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Basic Training for New Dads: A “Cheat Sheet” for Expectant Dads

Posted on June 12th, 2014 by | 12 views

Many expectant fathers experience “daddy nesting” during pregnancy as a flurry of activities such as buying and assembling baby gear, worrying about finances and postpartum work/life balance, doing endless research on the safest possible car seat setup. While these activities are of course important in preparing the family nest for their impending bundle of joy, dads-to-be commonly feel a bit disconnected from their baby during this period because they aren’t physically carrying the baby. As a result, they tend to assume a traditional “protect and provide” role while leaving many of the brass tacks preparation for the care of their baby to mom. 

Most expectant couples aren’t aware that a volume of research has shown that their relationship satisfaction is likely to take a hit after their bundle of joy arrives:

By the same token, research shows that fathers who are highly involved with their partners and babies during pregnancy and birth also tend to also be very engaged with them in the postpartum. While many couples (and their babies) thrive during the peripartum period, I’ve put together a brief “cheat sheet” for new dads in order to help them to stay highly engaged with their partners and babies even during pregnancy. By following these steps, new dads not only stay connected, but they get a real sense of confidence about being capable fathers and partners. 

Set up the Birth Plan – It’s critically important to develop a concrete birth plan which fits with the couple’s vision for how they want the birth to go, and to review that plan with their birthing professional. Furthermore, it is essential to realize that the birth might not follow the plan exactly, so talking over plans B, C, and D beforehand spares needless stress in the case that the plan needs to be changed for some reason. Dads can download one of many templates (one example comes from the American Pregnancy Association -  and interview mom about a variety of elements of the plan such as:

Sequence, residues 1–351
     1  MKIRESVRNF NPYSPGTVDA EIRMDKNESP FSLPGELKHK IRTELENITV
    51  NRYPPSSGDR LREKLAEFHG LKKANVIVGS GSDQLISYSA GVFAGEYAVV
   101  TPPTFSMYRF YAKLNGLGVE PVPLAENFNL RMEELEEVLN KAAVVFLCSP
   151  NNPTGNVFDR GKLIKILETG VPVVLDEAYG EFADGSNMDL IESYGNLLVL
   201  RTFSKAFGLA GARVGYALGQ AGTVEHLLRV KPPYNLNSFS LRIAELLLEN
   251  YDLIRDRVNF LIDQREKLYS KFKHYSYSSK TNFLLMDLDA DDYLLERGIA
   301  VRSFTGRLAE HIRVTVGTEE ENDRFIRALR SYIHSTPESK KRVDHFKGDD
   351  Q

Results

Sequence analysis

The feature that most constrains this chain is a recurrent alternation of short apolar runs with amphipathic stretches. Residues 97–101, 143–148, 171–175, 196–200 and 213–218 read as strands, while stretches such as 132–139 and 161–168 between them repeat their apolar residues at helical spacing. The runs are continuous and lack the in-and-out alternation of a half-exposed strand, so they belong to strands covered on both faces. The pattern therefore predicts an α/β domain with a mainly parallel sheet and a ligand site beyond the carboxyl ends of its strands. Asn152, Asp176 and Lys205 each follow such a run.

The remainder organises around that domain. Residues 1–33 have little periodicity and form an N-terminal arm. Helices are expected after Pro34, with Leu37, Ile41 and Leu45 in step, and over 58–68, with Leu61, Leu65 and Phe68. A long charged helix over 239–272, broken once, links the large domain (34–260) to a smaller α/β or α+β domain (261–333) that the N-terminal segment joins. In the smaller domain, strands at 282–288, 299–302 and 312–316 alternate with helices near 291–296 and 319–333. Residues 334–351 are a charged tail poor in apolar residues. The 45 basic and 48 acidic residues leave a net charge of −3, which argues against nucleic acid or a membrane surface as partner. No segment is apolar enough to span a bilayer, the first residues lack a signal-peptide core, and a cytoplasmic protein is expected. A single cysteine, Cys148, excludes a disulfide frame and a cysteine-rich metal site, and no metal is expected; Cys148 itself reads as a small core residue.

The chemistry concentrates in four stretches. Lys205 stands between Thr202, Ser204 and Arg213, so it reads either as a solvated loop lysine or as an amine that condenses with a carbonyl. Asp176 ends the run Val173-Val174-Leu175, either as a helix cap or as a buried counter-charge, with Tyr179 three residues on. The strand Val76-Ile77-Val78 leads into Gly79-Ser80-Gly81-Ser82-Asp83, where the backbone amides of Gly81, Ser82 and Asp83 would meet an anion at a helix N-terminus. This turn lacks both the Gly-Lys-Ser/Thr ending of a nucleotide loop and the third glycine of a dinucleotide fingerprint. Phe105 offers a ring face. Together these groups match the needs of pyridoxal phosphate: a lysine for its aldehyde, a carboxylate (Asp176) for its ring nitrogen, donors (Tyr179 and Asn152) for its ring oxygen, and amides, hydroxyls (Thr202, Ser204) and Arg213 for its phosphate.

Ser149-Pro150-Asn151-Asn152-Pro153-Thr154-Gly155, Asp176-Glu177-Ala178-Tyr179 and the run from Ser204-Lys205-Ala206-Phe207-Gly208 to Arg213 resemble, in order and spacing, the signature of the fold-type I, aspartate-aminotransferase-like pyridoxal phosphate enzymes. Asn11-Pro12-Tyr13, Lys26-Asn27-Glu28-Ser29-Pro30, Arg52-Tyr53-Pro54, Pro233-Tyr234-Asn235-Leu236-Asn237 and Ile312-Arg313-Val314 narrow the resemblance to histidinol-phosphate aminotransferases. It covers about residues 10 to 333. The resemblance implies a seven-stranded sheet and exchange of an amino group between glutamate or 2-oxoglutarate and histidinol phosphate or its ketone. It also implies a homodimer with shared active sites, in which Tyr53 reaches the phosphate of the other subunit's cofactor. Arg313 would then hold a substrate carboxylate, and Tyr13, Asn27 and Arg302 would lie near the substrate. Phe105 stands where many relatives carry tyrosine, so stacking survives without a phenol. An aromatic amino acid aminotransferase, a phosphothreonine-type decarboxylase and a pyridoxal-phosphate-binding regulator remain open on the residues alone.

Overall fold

• Who do you want to be present?
  • Do you want pain medications, or not? Do you have a preference for certain pain medications?
  • Would you be willing to have an episiotomy? Or, are there certain measures you want to use to avoid one?
  • What are your preferences for your baby’s care? (when to feed, where to sleep)

Then, dad writes up a brief one-page document clarifying the couples’ plan in order to review it with their health care provider. 

Interviewing Postpartum Support Professionals – Moms usually do this, but dad can be directly involved with baby’s well-being even during pregnancy by taking point on the legwork involved in selecting an osteopath, naturopath, pediatrician, acupuncturist, and/or chiropractor. Key steps involve:

  • Dad interviews mom regarding any preference she has including factors such as geographical location, male vs. female, philosophy regarding treatment, ability to see the same provider for each visit, availability of same-day scheduling, etc.